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On Wednesday, the makeup startup Glossier launched its first mascara, Lash Slick. The product, the brand told Racked in a prelaunch marketing email, took more than 18 months to create and is “the perfect formula for natural, glossy looking lashes that are long, fanned, and defined.” On its product page yesterday, Glossier wrote under the claims that the mascara is vegan.
Except it isn’t. Glossier shoppers were quick to realize that one of the ingredients of Lash Slick is beeswax. According to the activist group PETA, beeswax is made by melting, straining, and cooling honeycomb, and queen bees removed from hives are said to experience cruel treatment.
Glossier quickly followed up yesterday with customers who bought the mascara, telling them they’ll be refunded for the product.
In a statement to Racked this morning, a Glossier rep emailed that “when we realized our copy error yesterday morning, we immediately updated our site and proactively refunded every customer who purchased Lash Slick before the mistake had been updated on our website. We do sincerely apologize for any confusion caused by this.”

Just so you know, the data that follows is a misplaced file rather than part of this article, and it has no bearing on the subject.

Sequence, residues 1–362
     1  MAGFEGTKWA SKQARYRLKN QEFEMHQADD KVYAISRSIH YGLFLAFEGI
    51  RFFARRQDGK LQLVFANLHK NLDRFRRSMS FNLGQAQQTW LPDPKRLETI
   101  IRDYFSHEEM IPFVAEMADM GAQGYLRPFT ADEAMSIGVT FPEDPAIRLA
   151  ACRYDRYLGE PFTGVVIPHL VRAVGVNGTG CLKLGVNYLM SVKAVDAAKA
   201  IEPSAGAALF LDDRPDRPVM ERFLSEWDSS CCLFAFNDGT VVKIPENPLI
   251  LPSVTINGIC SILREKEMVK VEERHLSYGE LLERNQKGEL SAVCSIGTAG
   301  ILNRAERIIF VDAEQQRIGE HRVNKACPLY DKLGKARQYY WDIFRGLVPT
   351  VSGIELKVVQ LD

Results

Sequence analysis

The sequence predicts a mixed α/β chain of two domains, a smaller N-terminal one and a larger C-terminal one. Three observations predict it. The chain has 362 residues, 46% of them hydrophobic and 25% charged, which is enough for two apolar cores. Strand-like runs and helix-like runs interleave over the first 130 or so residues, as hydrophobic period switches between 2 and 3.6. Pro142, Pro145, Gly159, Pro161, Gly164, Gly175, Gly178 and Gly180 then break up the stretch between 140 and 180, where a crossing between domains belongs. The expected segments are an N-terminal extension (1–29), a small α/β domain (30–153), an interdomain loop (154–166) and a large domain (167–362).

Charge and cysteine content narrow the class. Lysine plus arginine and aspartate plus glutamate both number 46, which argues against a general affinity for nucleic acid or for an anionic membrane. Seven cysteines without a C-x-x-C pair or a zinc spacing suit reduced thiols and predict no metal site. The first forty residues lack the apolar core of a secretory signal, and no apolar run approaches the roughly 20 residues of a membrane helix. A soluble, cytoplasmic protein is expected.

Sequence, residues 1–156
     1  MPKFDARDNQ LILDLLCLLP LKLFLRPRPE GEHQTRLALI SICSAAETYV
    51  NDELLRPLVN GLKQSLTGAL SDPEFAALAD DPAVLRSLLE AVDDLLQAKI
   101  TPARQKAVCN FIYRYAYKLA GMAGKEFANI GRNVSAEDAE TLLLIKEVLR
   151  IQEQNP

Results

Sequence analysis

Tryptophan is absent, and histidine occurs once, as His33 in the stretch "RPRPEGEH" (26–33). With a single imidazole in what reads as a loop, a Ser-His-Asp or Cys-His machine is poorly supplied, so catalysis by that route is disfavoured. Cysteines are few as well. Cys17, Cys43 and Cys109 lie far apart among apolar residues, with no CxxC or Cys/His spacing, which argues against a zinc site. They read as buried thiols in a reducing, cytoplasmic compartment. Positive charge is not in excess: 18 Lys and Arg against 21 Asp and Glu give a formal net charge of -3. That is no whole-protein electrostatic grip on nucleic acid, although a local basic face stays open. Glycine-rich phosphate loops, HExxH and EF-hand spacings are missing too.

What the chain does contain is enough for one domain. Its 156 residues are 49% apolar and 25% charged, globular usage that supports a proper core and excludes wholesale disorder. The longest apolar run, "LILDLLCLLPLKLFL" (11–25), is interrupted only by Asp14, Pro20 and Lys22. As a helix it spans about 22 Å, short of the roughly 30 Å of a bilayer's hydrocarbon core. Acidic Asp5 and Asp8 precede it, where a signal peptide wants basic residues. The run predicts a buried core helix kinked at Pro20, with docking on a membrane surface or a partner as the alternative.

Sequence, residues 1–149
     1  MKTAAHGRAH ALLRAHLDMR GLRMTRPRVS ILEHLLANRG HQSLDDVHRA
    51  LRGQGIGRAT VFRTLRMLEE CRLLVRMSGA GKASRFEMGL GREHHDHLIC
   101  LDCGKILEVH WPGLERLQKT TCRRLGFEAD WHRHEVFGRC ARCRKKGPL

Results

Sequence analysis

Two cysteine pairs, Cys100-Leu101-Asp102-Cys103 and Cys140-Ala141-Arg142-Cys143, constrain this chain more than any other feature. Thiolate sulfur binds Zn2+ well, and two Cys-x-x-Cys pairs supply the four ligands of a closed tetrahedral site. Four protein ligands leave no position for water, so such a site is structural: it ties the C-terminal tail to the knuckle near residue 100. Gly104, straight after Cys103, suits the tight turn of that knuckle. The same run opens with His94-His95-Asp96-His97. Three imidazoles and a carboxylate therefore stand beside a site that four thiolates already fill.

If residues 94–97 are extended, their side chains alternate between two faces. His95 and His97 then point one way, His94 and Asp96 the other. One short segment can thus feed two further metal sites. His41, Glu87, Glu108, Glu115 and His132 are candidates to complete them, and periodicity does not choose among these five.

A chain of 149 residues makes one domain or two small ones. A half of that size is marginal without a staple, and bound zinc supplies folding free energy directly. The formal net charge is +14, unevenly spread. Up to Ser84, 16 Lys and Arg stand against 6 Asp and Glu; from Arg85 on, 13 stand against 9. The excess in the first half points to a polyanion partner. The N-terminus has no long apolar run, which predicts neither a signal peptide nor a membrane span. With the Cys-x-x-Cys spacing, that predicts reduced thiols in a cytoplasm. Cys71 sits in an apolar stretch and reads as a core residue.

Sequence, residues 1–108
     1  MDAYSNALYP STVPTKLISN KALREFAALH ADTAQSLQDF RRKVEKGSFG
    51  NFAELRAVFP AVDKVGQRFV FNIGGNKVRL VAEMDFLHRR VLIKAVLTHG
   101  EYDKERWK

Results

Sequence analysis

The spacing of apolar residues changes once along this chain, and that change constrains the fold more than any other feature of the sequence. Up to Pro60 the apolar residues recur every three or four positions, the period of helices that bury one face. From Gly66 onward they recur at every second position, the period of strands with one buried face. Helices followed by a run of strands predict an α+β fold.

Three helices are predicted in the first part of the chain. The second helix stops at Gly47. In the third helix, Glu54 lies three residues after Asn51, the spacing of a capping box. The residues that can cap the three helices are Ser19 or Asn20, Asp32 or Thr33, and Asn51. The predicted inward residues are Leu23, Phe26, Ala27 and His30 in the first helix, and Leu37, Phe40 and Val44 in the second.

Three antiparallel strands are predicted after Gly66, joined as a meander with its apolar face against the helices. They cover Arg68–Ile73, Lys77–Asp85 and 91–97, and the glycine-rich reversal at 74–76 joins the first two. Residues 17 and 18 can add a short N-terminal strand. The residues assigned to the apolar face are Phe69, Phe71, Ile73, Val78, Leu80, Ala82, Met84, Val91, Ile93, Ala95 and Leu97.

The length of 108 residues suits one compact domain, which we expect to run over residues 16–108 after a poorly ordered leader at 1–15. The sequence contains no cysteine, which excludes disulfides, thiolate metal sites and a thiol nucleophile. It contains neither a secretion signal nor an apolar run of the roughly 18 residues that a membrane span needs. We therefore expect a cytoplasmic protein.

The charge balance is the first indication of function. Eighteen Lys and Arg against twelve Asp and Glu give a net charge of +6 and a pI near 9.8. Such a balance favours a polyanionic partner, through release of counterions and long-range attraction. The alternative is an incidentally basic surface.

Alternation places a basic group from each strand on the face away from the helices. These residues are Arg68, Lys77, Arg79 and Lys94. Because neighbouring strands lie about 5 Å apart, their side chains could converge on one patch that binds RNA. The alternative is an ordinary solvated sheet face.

Glossier made a copy mistake, but it now finds itself part of the larger discussion around vegan skin care, which can get complicated when the details are scrutinized. Kat Von D, for example, is a hugely popular beauty line that says it’s vegan and cruelty-free, the latter of which means it isn’t tested on animals or sold in an area like mainland China, where products from foreign companies have to be tested on animals in order to make it to market.
Kat Von D herself is an outspoken vegan. But Kendo, an accelerator of beauty brands that the Kat Von D beauty company came out of, is owned by LVMH, which has other brands like Givenchy, Make Up For Ever, Fresh, and Benefit that are sold in China. So can Kat Von D be considered an entirely cruelty-free brand when its parent company is not? These are small details that matter in the very niche world of vegan skin care.
Glossier is cruelty-free; it doesn’t test ingredients on animals or hire third parties to do so, nor does it sell in the areas of China where animal testing is mandatory by law. The company does, however, use honey, lanolin, and beeswax in many of its products. Glossier wouldn’t comment on whether it will release a vegan version of its mascara, but it’s safe to assume the company will be a part of the vegan skin care discussion sometime soon as it continues to roll out more products.